Your original question implies the basic need to support multiple languages in a single project. A compiler would need to be able to compile multiple languages in one pass or the C# compiler would have to call out to the F# compiler. Now, if you had a compiler service that could communicate with other compiler services, well, who kows... You've not answered the question about how your approach is any better than simply building the functionality you need in F# in an F# library than use it in your C# project...

      What are you trying to accomplish by mixing languages?

    • aL_

      what are you talking about? no it doesnt..

      extension methods are available across projects and across languages that supports them. are you saying that there are separate versions of Enumerable/Queryable for each language? thats not how it works.. extension methods are just static methods that have been marked as extension methods by their respective compiler. now my question was if there was a syntax for doing that in f# and by extension, if the f# compiler can find and use extension methods.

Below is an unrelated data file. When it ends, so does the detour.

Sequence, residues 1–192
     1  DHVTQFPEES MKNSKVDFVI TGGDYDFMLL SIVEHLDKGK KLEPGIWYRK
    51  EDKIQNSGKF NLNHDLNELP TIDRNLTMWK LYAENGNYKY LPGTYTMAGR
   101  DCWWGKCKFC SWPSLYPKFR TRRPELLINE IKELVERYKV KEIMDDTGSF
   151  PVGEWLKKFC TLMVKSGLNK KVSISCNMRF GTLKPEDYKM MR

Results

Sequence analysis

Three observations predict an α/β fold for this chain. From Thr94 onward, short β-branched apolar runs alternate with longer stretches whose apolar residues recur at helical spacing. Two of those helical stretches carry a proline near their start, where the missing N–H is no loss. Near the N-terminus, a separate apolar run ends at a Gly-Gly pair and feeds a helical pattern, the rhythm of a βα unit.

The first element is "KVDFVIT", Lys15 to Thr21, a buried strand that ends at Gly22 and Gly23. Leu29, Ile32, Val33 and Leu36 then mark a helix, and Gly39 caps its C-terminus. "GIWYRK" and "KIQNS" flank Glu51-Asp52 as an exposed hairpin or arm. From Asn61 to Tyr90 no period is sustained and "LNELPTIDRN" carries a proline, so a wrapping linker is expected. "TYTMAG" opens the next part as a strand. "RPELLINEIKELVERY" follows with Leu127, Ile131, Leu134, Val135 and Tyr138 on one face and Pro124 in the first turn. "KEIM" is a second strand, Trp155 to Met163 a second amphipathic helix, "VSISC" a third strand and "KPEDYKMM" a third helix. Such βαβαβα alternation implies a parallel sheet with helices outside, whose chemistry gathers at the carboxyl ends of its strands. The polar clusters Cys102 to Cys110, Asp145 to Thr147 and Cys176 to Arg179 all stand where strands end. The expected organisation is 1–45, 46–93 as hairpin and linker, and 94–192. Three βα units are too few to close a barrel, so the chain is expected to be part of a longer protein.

i did awnser your question, i said that it depends on the situation and the code in question. putting a method like GetProductsWithPriceOver300 in a library just doesnt make sense, for that you use what ever language the rest of your project is in.  that however has absolutly nothing to do with my original post where i just pointed out that the c#/f# comparison in the video is not fair because the full capability of c# 3.0 wasnt used. had linq been used, the two code snipplets show would have been alot more similar.